What can they tell us?
Maps and plans are an invaluable historical source, largely because they act as repositories of information about a particular place or location at the time at which they were compiled. They can serve a variety of purposes, both contemporary and subsequent. They are notable because, in interpreting them, we may learn about the lives of ordinary people - not just the upper, landed classes.
As well as the obvious geographical and topographical information contained in maps and plans, such as the whereabouts of roads, rivers, railway lines, buildings, woodlands and so on, they may also reveal information including: the names of landowners; the names of occupiers; the acreage of land held or owned; descriptions of particular properties; records of the state of cultivation of particular parcels of land; details of the rental value of a property, and so on. This undated map of the parish of Cromwell [c.1807-1821] gives a wealth of information about the parish and its landowners.
Map of the parish of Cromwell, Nottinghamshire; n.d. [c.1807-1821] [Ne 5 P 8]
Maps and plans can also reveal details of how a particular location developed. For example, comparison of two maps of a town or city from different dates may show how it has grown to incorporate a rising population, how people's dwellings have changed (the introduction of tenements, terraces, flats, etc), how the population has moved out to developing suburbs, how (and possibly why) particular industries have centred on an area, how utilities such as gas and electricity have been introduced, how sanitation has been improved, and so on. The Duke of Portland developed the Aldrington estate at Hove, Sussex, in the 1880s, as shown in this plan.
Plan of the Aldrington estate, West Brighton, Sussex; 1884 [Pl E14/7/12]
Maps can provide information about the history of travel - routes which were particularly frequently used, distances between key locations, usual stopping points for breaking journeys, the exploration and discovery of previously uncharted lands and waters, or the introduction of different forms of transport. They can also inform about the history of migration and settlement. This example shows the route of the Great North Road between Tuxford and York in 1719.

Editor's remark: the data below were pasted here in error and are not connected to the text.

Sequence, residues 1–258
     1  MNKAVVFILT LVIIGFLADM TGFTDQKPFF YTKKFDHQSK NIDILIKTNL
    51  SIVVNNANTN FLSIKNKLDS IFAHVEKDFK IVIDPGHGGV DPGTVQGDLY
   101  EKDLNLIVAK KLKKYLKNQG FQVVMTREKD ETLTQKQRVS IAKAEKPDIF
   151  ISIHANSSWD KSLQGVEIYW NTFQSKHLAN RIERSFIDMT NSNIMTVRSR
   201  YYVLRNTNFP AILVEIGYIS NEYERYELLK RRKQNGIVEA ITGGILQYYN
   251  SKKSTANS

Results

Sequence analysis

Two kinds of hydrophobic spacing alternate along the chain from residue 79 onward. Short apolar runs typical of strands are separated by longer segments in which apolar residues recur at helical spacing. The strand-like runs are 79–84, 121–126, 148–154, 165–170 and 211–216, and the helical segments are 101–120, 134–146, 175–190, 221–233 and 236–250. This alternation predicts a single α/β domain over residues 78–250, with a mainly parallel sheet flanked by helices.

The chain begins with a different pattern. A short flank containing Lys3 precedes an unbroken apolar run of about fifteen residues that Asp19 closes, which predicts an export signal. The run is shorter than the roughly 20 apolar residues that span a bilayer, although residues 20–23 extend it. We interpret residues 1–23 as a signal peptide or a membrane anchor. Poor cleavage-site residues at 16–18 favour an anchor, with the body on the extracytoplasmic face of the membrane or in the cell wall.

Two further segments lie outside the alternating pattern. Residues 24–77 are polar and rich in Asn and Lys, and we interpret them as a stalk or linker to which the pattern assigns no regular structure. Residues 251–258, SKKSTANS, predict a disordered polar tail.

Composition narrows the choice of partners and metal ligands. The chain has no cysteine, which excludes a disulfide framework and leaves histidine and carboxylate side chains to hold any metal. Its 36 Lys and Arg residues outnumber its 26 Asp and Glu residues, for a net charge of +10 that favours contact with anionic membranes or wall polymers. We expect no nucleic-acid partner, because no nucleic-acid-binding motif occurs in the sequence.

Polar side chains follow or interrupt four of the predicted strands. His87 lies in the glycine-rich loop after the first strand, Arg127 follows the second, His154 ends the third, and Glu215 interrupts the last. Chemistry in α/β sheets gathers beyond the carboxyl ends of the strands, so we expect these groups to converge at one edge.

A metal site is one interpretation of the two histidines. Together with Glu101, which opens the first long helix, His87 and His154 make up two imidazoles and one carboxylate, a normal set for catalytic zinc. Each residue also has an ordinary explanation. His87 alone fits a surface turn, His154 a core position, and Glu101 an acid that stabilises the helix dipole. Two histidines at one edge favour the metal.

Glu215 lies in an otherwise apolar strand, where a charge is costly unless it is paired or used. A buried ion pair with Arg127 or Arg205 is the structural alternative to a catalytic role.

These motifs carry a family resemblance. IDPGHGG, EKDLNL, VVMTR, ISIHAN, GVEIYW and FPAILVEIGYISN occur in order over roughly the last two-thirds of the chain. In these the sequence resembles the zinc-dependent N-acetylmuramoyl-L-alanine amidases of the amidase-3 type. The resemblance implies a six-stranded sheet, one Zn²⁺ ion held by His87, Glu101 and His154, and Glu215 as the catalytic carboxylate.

Map of the continuation of the Road from London to Barwick, beginning at Tuxford and extending to York, by John Senex (d. 1740), printed 1719 [Bre 8]
From maps it is possible to learn about when and how natural resources began to be exploited - coal, tin, oil, sand, gravel - and the impact this had on the landscape and on communities. Also, developments in farming and land management techniques can be identified because maps and plans may show where particular crops were being used, whether land was being rotated, where land was being left fallow, where land was planted with trees, where rivers had been diverted, where land had been drained and the like. Plans like this early-twentieth century plan of proposed electrity lines at Shireoaks in Nottinghamshire show the impact of power stations and the development of public utilities.
Plan of proposed overhead [electricity] lines for Shireoaks village, Nottinghamshire; n.d. [1900-1950] [Ne 6 P 3/21/12]
Plans can provide the user with a great deal of information about the developing requirements of buildings, the introduction of new construction techniques, changing fashions in architecture, emerging leisure activities - even the introduction of new technologies.
Military and naval maps and plans may tell us a great deal about numbers involved, troop movements, strategies employed, logistical difficulties encountered and overcome, the introduction of new weapons and equipment or the structure of fortifications. This is a map showing the 'Position of the Combined Armies before Sevastopol' in October 1854.
Map showing the 'Position of the Combined Armies before Sevastopol' by Captain E.B. Wesherally[?]; 16 Oct. 1854 [Ne C 9889/2]
There is also a great deal to be learned from the decorations which appear around the edges of maps and plans, such as cartouches, vignettes, charts and tables. Cartouches, for example, may sometimes portray images of economic and cultural life within rural or industrial scenes. Vignettes might include images of particular buildings, showing what they looked like from the outside - especially useful if a building has since been demolished. In the example below, Worksop Manor house in Nottinghamshire is shown in a vignette as part of a county map published in 1837. Charts and tables might include lists of names of tenants and landholders, measurements of particular areas of land or details of the distance between places. Decorations might also show details of particularly notable gardens or parks. The list really is long and varied.
County Map of Nottinghamshire by Thomas Moule (1785-1851), engraved by James Bingley for Moule's 'The English Counties Delineated' [Bre 29]
Next page: Who Might Find Maps and Plans Useful?